Rural-urban trend gets suburban: Hanoi outskirts into the homestay act

By Nguyen Ha   November 1, 2018 | 10:55 pm PT
Rural-urban trend gets suburban: Hanoi outskirts into the homestay act
A homestay in Soc Son near Hanoi. Photo courtesy of Luxstay
Homestay services started out in Vietnam’s rural, remote areas and then became an urban trend; now it’s going suburban.

They were first introduced as a tourism attraction and a way for rural households to make extra income, allowing visitors to become paying guests and get a feel for daily life in the country.

Then, the global trend of individuals renting out their spaces to visitors via services like Airbnb caught on in Vietnam’s urban areas, especially in cities like Hanoi and Ho Chi Minh City.

Now the service is moving into suburban areas of major cities and the outskirts of Hanoi is in on the act.

According to market research firm AirDNA, the number of Hanoi homestays reached more than 8,100 last year. In the first half of this year, the number has grown to 11,200.

Statistics from Luxstay – a homestay booking platform, shows that the number of residences under this model is growing quite impressively. One representative said that every month, there are several thousand applications to join the system. After screening, Luxstay adds about 300 to 500 qualified rooms per month.

The homestay trend started to flourish in Hanoi two years earlier, but it was concentrated mainly in the inner city, targeting foreign travelers, according to industry insiders.

However, recently the service has migrated to 30-50km outside the city, including neighboring provinces, catering not just to foreigners, but to young Vietnamese seeking to take a few days off.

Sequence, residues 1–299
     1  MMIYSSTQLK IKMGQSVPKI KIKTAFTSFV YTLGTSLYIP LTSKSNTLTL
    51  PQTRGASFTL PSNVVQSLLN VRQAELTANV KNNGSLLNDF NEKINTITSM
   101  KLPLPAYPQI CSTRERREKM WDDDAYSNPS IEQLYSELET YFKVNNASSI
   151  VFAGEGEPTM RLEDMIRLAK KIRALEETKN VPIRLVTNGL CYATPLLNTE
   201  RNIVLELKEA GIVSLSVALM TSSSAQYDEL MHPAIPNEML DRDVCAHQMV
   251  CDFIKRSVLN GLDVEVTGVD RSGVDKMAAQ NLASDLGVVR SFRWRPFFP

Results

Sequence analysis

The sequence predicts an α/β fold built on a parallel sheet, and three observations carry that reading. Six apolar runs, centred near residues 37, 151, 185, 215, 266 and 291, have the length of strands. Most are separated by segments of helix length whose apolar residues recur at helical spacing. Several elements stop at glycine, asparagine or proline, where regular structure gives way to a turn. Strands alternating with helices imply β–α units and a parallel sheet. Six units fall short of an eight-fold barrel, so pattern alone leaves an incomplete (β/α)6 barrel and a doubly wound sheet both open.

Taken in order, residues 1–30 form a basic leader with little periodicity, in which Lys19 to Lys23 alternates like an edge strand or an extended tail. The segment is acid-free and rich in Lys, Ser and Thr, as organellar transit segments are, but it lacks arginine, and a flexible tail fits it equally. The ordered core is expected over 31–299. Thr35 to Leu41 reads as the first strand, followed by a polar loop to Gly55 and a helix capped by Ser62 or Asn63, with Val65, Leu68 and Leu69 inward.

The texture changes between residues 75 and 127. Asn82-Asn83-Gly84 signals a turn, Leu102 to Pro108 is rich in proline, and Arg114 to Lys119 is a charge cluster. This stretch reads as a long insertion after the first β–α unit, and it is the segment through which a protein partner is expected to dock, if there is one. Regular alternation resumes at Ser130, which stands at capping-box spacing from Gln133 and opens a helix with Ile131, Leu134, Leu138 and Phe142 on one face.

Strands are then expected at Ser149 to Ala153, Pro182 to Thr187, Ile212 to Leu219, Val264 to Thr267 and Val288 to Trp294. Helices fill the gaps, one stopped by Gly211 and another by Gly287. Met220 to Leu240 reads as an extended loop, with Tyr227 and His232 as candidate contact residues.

Hanoi's suburban districts of Soc Son, Ba Vi, and Thach That are areas that are particularly popular for homestay services; and the neighboring provinces of Hoa Binh, Vinh Yen, Vinh Phuc, and Ninh Binh are also beginning to see this model work well.

Duy, the owner of a homestay service in Soc Son, said he had invested more than VND3 billion ($128,900) in the project. He initially bought the land and built a weekend getaway for the family. Later, when some guests asked to rent the place, he realized that it was a business model with potential.

"Weekday holidaymakers are mainly student groups or freelancers, paying about VND 5-6 million ($214 – $257) per night (for the whole house)."

Meanwhile, during the weekends, families and office workers, pay up to VND8 million ($343),” he said, adding that the average occupancy rate is about 50 percent. The remaining space is left to serve the needs of the family.

Le Kien Trung, head of a homestay chain with about 40 residences in the outskirts of Hanoi, said that as life in the city becomes increasingly crowded and polluted, the need for shared space for relaxation also increases.

This model typically targets families and young, dynamic consumer segments. However, he said that these tenants demand high aesthetics as well as architectural value in homestay facilities.

As many as 21.73 million visitors arrived in Hanoi in the first 10 months of this year, up 9 percent over the same period last year. The city’s tourism revenues reached VND63.4 trillion ($2.72 billion) in the period, according to its Department of Tourism.

go to top